Mast cell


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Mast cell

  2. 2. Introduction • Mast cells are primary effector cells in immunoglobulin E (lgE) mediated inflammatory reactions. • They are implicated in:– both acquired and innate immune responses, – wound healing, – fibrosis , – angiogenesis, and – autoimmune diseases
  3. 3. History • First described by Ehrlich in 1871 , who distinguished them from other connective tissues by their ability to stain metachromatically with basic aniline dyes.
  4. 4. Structure and staining • Mast cells are bone marrow-derived cells that occur in the normal dermis in small numbers as oval to spindle-shaped cells with a centrally located round to oval nucleus. • They contain in their cytoplasm numerous granules that do not stain with routine stains like hematoxylin-eosin. • The granules stain with methylene blue, which is present in the Giemsa stain, with toluidine blue, and with Alcian blue.
  5. 5.  Mast cell with cytoplasmic granules and villous projections from the cell surface.
  6. 6. Functions • Mast cells are reservoirs of preformed inflammatory mediators and rapidly synthesizes others on activation • Mediators contributes to the changes in anaphylaxis and delayed hypersensitivity reactions • Primes B-cell for antibody formation • They play a role in the defense against parasites; stimulate chemotaxis, activation and proliferation of eosinophils; promote phagocytosis • stimulate connective tissue repair and angiogenesis
  7. 7. Mast cell distribution and identity • Mast cells are widely distributed, long lived cells found predominately in connective and mucosal tissues and often in proximity to blood vessels, nerves, and lymphatic tissues. • Mast cells are abundant in the skin, respiratory tract, gastrointestinal tract, and genitourinary tract. • 7000 mast cells/cubic mm in normal skin.
  8. 8. • All human mast cells contain tryptase , histamine, and proteoglycans , including heparin and chondroitin sulfate E. • Mast cells are classically identified in tissue by toluidine blue or giemsa dye that stains the cytoplasmic granules, and more recently, by immunohistochemistry using an antibody that recognizes mast cell tryptase. • Human mast cells are classically divided into two types.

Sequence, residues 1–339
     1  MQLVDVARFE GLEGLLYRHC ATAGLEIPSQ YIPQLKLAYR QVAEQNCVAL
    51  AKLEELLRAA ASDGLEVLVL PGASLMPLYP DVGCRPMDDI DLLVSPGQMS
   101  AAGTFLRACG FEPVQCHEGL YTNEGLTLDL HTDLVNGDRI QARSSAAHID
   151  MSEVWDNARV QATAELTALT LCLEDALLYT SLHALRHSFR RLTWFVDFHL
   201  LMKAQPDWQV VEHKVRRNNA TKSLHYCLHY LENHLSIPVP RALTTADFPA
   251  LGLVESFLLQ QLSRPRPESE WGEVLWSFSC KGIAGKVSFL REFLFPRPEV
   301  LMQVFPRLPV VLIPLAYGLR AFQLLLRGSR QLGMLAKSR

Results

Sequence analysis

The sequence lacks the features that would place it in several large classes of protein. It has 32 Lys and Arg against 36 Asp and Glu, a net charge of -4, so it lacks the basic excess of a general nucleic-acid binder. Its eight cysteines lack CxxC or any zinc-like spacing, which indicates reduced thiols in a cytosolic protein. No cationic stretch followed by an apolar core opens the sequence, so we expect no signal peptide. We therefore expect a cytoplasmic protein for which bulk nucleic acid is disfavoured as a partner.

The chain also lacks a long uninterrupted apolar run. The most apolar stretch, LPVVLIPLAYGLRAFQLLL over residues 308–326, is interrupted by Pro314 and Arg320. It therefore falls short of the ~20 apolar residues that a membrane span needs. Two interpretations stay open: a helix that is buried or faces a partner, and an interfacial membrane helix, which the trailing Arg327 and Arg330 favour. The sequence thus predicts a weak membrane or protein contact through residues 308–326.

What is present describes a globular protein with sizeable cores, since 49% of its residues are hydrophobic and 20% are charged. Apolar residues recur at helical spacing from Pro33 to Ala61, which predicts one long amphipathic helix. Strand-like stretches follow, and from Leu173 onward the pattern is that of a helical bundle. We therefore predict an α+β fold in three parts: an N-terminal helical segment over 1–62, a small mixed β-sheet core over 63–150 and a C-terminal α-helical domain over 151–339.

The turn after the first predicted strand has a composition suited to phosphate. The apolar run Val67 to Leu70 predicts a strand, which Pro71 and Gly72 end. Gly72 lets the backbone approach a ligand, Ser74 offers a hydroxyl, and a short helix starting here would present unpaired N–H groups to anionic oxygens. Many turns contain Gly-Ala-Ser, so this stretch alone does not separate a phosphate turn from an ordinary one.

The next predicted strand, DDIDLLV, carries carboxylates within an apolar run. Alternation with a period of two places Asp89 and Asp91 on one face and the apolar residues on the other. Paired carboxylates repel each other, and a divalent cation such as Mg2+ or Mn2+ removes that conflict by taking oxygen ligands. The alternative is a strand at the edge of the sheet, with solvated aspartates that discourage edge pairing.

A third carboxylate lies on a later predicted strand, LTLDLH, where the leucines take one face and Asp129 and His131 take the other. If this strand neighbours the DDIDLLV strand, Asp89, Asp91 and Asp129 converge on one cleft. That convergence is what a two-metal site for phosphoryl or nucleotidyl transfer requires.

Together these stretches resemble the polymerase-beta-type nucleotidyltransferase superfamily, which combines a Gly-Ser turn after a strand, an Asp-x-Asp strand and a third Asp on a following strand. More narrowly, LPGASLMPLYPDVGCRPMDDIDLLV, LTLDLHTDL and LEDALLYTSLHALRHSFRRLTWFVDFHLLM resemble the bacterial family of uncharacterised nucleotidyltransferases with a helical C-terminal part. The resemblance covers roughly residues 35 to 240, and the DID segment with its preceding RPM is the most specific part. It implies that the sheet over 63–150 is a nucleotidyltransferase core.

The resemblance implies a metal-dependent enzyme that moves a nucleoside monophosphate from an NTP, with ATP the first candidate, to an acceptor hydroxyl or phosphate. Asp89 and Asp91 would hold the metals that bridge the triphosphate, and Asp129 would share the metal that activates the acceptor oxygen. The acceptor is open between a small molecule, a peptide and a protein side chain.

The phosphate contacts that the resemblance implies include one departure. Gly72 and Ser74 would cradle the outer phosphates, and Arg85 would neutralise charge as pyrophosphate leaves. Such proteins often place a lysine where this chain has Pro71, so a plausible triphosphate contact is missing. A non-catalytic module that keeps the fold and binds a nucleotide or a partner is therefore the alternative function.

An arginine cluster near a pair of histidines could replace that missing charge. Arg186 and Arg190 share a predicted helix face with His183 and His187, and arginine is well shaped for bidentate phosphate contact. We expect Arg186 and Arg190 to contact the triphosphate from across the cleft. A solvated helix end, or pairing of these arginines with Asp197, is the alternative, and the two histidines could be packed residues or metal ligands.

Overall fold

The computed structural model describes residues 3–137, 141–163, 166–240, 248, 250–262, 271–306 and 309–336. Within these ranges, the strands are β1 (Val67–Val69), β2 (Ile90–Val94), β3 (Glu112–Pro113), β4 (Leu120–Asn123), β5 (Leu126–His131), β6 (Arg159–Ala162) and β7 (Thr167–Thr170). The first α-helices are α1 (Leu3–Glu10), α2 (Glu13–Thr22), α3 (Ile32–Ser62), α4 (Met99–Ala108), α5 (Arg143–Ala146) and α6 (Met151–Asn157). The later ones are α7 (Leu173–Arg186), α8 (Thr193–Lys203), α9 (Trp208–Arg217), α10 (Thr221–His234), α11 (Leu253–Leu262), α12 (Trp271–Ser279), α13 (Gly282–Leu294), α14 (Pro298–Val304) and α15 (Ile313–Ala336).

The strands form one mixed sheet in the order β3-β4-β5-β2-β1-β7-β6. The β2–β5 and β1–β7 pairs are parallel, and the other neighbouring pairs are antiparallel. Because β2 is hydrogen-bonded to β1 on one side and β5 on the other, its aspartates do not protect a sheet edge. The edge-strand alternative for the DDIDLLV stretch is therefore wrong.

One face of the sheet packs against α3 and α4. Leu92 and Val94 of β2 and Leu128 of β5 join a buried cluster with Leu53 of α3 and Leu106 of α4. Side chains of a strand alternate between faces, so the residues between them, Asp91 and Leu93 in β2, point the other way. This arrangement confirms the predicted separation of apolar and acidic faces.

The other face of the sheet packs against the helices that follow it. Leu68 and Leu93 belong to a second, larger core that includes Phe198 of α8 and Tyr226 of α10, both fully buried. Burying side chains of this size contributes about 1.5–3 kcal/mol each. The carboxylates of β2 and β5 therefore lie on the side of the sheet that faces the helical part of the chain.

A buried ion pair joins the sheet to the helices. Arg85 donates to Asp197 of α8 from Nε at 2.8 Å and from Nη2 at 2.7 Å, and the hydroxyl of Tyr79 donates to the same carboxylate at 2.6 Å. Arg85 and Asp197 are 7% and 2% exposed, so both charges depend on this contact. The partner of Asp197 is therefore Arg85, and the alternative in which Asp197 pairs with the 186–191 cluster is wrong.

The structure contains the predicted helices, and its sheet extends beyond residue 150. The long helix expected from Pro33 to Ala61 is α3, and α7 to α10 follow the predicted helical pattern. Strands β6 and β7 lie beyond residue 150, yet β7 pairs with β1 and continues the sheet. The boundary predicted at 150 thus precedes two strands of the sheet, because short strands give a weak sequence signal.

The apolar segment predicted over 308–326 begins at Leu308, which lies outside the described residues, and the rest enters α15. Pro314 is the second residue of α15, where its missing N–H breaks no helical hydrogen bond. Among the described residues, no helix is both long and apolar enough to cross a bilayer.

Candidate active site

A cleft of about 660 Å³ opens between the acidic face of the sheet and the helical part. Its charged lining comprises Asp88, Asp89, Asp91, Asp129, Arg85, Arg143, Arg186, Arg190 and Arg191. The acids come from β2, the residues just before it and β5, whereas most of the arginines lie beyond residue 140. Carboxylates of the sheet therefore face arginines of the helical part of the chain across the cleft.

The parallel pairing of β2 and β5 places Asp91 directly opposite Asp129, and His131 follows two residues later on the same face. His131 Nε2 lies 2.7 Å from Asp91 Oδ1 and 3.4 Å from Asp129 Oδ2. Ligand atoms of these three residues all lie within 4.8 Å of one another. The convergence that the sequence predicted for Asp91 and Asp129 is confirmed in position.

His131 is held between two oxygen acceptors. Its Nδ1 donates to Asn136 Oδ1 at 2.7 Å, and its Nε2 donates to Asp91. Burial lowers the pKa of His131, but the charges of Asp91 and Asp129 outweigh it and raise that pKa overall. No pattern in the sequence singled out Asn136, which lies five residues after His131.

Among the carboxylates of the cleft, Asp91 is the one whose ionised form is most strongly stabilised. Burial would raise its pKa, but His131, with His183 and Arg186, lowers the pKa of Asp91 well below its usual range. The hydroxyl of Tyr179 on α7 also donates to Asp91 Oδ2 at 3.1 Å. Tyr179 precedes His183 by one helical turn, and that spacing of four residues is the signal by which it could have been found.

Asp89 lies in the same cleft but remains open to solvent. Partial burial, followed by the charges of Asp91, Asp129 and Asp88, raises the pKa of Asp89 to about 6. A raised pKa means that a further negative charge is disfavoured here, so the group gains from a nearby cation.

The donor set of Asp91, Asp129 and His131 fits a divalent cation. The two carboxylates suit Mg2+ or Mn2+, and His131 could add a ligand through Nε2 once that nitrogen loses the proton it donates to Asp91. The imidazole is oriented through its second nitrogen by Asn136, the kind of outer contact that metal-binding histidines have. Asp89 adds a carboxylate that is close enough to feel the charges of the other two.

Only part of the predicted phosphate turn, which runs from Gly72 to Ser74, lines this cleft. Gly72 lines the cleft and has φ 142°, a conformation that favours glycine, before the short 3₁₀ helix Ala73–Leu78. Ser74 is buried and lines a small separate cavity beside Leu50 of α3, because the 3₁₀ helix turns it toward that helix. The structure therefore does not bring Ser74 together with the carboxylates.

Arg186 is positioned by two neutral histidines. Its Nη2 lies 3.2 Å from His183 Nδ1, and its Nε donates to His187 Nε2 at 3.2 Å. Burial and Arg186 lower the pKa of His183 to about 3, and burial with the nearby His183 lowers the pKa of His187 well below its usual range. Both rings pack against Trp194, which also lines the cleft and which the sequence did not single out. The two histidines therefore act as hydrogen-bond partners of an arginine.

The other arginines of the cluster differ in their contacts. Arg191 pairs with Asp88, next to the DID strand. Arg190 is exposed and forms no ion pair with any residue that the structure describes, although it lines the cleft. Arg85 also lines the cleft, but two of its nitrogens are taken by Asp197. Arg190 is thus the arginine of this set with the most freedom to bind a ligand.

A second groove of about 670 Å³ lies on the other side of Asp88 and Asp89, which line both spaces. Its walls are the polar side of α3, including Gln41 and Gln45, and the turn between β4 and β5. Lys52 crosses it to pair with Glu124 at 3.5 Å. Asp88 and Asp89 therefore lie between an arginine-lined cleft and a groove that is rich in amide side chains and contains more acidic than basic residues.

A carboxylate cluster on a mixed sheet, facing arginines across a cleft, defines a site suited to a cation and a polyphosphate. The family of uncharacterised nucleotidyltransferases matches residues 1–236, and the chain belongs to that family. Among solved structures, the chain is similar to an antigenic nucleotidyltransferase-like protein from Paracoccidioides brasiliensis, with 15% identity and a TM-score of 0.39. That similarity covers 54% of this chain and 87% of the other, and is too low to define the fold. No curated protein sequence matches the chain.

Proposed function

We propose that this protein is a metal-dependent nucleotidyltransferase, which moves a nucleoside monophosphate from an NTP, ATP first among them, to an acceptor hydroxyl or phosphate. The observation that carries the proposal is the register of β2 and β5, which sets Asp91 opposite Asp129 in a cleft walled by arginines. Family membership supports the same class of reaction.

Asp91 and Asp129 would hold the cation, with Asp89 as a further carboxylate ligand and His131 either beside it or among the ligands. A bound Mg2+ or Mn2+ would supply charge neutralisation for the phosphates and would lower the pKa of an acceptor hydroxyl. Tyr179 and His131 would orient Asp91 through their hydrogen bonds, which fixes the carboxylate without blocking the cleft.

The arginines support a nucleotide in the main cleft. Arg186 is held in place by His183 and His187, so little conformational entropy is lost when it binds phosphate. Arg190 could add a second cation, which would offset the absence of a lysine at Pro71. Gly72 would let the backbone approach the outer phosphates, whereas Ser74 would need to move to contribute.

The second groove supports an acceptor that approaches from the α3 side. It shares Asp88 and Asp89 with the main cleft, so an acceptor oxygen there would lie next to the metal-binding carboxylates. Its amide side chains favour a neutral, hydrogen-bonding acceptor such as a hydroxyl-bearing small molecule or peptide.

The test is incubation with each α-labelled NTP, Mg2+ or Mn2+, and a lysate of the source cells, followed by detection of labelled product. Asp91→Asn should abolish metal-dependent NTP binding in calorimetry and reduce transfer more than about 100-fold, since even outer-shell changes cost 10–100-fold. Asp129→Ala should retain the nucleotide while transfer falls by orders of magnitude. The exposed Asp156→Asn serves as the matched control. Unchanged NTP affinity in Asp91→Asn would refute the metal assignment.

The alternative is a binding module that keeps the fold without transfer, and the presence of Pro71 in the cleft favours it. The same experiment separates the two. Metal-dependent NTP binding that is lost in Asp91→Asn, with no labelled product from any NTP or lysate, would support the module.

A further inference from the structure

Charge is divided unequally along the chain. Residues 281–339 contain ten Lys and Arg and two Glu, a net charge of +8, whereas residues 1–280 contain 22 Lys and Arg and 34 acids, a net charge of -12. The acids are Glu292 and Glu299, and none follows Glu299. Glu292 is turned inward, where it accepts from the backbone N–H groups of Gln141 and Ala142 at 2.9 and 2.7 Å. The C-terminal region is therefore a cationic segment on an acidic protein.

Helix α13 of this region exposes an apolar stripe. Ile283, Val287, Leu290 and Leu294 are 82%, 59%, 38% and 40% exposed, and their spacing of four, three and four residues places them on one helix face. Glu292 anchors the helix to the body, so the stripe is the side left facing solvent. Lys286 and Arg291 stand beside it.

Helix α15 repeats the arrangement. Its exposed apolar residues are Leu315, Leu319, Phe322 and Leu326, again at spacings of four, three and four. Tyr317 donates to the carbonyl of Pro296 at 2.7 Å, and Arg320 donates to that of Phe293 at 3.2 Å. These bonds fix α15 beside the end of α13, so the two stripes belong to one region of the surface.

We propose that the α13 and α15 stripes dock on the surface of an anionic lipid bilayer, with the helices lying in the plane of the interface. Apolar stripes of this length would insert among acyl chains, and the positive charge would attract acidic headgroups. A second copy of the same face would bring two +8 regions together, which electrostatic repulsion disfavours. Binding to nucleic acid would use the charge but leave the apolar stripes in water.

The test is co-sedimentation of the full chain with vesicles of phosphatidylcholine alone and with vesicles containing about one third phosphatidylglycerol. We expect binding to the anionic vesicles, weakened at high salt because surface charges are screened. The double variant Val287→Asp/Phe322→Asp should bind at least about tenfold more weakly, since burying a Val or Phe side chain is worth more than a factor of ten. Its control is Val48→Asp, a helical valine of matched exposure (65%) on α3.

9. 9. • Mast cells that contain tryptase and chymase are referred to as TC mast cells .Such cells tend to be located in sub mucosal tissues. Increased numbers of these cells are found in fibrotic disease. • Mast cells that contain tryptase but not chymase are referred to as T mast cells (MCt) and are increased in allergic and parasitic diseases.
  10. 10. Ultra-structure of mast cells • Electron microscopic examination of mast cells reveals numerous large and long villi at their periphery . • The mast cell granules appear as round, oval, or angular-shaped, membrane-bound structures. Mature granules measure up to 0.8 µm in diameter. • They contain two components: lamellae and electron-dense, finely granular material .
  11. 11. Development & differentiation • Mast cells arise from a CD34*, KIT+ pleuripotent progenitor stem cell. • Cross linking KIT by stem cell factor (SCF) is essential for these precursor cells to differentiate into mast cell. • Mature mast cells require SCF for survival. • KIT (CD117) expressed on haematopoeitic stem cell, is transmembrane tyrosine kinase receptor for SCF.
  12. 12. • While KIT is down-regulated on other bone marrow derived cells during their differentiation , it remains highly expressed on mast cells and is critical for many mast cell functions such as survival, chemotaxis and enhancement of signalling events .
  13. 13. Other cytokines that regulate SCF-dependent mast cell differentiation and proliferation include interleukin 13 (lL-13), IL-4,5, and interferon-gamma (lFN-y). • IL-3 shares a number of signal transduction pathways with SCF but has minimal direct effects on human mast cell proliferation except in early cultures.
  14. 14. • IL-4 enhances mast cell function when added to mature culture. • In contrast , when IL-4 is added during SCFdependent mast cell differentiation, it inhibits cell division and decreases final mast cell numbers. • In developing mast cells , IFN-y inhibits mast cell proliferation and influences mast cell phenotype and function.
  15. 15. PATHOGENESIS • HISTAMINE causes local increase in permeability of capillaries and venules.
  16. 16. Mast cell Activation • Antigen-dependent aggregation of FceRl bound IgE on the surface of mast cells is a primary mechanism of activation of Mast cells and subsequent release of preformed proinflammatory mediators, as well as of newly synthesized mediators
  17. 17. • Non-IgE-driven signals that activate mast cells include Toll-like receptor ligands such as lipopolysaccharide and nucleic acids, the anaphylatoxins C3a and C5a, and certain chemokines and cytokines.
  18. 18. Mast cell degranulation • Degranulation of mast cells occurs after crosslinking of IgE on the cell surface. • Degranulation generally occurs within minutes of exposure of the cell membrane to the secretagogue, and usually consists of the extrusion of entire granules, but some granules may undergo intracellular disintegration .
  19. 19. • Initial stages of degranulation consist of granule swelling with loss of internal substructure and electron density. • Extrusion of granules takes place through extensive membrane fusion between the plasma membrane and peri granular membranes. • This is associated with formation of conduits resulting from fusion of the membranes of multiple granules.